PBWiki Hits 500,000 Users
Mashable reports that PBWiki, which will celebrate its third anniversay on May 31st, has crossed a major milestone, 500,000 users. Check out the recent Mashable interview with Chris Yeh of PBWiki (mp3) which provides an interesting overview of the hosted wiki space in general as well as a brief history of PBWiki in specific. [JH]
by Mark S. Choate
List Price: $39.99
Paperback: 300 pages
Publisher: Wrox (December 26, 2007)
Book Description: The success of Wikipedia has proven just how effective wikis can be for collaborative editing on a large scale-larger than anyone originally thought possible. This book shows you how to install, use, manage, and extend a wiki using MediaWiki-the wiki engine used to power Wikipedia.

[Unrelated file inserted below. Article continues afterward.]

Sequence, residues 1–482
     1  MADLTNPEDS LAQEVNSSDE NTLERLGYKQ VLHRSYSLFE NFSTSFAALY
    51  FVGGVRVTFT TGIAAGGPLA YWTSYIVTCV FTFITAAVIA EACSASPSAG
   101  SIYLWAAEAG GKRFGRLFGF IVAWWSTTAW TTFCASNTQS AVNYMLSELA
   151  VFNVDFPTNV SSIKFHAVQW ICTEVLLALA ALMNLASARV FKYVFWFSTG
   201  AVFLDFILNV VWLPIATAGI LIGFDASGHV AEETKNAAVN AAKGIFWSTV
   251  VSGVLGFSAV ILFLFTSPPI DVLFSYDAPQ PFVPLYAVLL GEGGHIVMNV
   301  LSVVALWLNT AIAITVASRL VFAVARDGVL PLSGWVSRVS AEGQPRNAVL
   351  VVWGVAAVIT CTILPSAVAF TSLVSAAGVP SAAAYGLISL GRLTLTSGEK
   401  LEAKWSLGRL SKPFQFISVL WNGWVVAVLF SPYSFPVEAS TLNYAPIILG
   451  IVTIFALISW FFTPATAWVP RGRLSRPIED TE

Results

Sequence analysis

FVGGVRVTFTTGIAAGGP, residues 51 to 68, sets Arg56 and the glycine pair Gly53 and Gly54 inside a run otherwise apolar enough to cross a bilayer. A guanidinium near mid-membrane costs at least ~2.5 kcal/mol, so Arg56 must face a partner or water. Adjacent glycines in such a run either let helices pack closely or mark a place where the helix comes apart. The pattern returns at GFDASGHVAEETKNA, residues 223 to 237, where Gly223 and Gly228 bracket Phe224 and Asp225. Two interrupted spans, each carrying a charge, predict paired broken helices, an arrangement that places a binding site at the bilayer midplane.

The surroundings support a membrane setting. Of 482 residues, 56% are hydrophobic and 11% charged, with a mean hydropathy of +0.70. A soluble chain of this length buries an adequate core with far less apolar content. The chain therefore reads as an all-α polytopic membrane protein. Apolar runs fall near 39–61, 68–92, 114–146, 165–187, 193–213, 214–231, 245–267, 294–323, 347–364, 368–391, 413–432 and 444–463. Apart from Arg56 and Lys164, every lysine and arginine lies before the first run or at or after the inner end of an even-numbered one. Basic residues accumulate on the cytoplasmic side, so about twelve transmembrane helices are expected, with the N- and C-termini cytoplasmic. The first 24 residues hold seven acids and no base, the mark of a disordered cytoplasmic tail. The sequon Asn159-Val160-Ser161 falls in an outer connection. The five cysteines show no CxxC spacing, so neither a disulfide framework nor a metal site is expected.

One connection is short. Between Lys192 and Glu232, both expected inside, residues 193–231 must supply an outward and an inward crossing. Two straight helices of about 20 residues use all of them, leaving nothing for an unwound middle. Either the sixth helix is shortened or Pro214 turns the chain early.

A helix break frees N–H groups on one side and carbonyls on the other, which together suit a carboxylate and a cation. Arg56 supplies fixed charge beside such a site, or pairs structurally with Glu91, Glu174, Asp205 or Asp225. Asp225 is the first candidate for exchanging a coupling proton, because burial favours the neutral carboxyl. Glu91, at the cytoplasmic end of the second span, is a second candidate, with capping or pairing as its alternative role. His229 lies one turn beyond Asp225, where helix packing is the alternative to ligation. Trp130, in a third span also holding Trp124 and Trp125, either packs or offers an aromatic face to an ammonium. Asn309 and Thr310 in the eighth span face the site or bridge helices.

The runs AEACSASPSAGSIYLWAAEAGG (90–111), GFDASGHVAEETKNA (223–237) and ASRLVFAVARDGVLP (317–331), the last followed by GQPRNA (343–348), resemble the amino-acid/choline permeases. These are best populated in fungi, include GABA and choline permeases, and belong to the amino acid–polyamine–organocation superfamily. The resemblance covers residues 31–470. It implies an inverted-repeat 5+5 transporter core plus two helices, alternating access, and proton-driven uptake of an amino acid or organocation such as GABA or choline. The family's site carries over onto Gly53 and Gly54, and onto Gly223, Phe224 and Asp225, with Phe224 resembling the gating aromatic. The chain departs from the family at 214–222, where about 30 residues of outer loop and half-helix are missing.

As each chapter builds on previous ones, tasks involving wikis progress from simple to those of increasing complexity and evolve from theory to case study. You'll learn wiki terminology and how to create user accounts and new pages, use wiki links, and find your way around the wiki. Special focus is placed on how wikis are used in software and web development projects and how their capabilities ideally suit a specific environment and audience. You'll quickly come to discover why wikis are a valuable addition for any organization that wants to increase productivity using web-based collaboration tools.
What you will learn from this book
- When to use wikis instead of a more formal content management system
- What to look for when evaluating wikis in order to avoid unexpected pitfalls
- How to install MediaWiki using Apache, PHP, MySQL(r), and other alternatives